From 7pm until 11pm the Assembly was “debating” SB 306, a bill that makes it more onerous for a woman to get an abortion, and assesses criminal penalties on abortion providers who cannot show documented proof that every abortion they perform was not coerced. See our separate story on that bill.
From 11pm until 11:30 the following bills were passed. Then the Assembly recessed for partisan caucuses until 3am.
SB 464 prevents the newly created Department of Security and Professional Services from requiring fingerprints as part of the licensing process for private detectives and private security guards, juvenile martial arts instructors, or applicants for other professional credentials in determining whether an applicant or credential holder has been charged with or convicted of a crime. Democrats questioned why Republicans would promote lowering professional standards.
SB 402 authorizes the Department of Natural Resources to waive any requirement of the laws relating to the discharge of pollutants into the waters of the state for research projects that evaluate “advanced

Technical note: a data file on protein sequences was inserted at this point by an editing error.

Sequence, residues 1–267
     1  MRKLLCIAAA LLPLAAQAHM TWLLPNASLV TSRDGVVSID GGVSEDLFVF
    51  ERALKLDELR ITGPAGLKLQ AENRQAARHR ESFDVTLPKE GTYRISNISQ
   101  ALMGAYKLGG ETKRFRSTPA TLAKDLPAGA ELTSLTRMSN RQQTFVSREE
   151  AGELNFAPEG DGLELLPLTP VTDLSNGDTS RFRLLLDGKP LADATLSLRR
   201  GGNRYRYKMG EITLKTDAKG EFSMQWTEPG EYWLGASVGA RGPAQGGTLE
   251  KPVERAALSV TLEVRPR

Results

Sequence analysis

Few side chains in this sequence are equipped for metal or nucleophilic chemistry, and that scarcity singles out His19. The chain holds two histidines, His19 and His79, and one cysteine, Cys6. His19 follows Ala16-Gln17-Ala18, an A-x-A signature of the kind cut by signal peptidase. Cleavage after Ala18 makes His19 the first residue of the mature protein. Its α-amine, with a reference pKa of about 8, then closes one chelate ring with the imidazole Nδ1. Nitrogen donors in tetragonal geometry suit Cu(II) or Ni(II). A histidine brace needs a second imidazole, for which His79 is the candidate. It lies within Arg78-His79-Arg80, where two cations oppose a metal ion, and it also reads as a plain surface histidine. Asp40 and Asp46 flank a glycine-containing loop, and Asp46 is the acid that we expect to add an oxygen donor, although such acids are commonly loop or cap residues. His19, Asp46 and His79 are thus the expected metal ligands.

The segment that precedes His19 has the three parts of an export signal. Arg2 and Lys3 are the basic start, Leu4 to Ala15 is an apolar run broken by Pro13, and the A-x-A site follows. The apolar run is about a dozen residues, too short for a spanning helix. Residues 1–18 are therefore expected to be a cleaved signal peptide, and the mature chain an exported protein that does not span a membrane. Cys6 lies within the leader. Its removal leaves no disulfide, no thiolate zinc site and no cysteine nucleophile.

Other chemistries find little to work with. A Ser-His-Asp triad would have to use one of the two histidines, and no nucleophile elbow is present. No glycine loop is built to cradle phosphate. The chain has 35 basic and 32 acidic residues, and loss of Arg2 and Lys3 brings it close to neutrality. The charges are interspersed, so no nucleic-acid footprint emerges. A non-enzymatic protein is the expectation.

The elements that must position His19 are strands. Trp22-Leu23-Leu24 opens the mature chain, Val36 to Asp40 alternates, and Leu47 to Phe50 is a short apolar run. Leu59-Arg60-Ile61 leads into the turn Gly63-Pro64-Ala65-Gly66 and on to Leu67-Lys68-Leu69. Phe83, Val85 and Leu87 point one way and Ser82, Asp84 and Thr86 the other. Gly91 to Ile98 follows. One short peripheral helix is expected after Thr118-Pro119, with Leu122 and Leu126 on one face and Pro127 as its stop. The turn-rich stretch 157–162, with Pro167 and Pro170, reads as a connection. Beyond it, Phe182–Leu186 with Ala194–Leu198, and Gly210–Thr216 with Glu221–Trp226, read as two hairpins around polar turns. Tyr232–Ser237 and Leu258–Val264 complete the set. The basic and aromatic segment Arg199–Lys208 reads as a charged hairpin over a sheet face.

agricultural nutrient management tools.”
SB 409 is a major overhaul to the worker’s compensation law in terms of benefits, process and administration.
SB 422 increases the legal length limits for trucks. Registering against the bill, the United Transportation Union said, “This will divert rail traffic to highways, increase risk to the public, and accelerate infrastructure repairs.” Anti-mining activists note that this eases the way for the road transportation of massive strip mining equipment.
SB 429 regulates the sale of portable electronics insurance coverage.
SB 474 requires the Department of Health Services to create a “financial record matching program” for Medical Assistance applicants and recipients for whom asset verification is required. Financial institutions must share information with DHS about the bank balances of MA applicants. Just the latest skirmish in the war on poor people.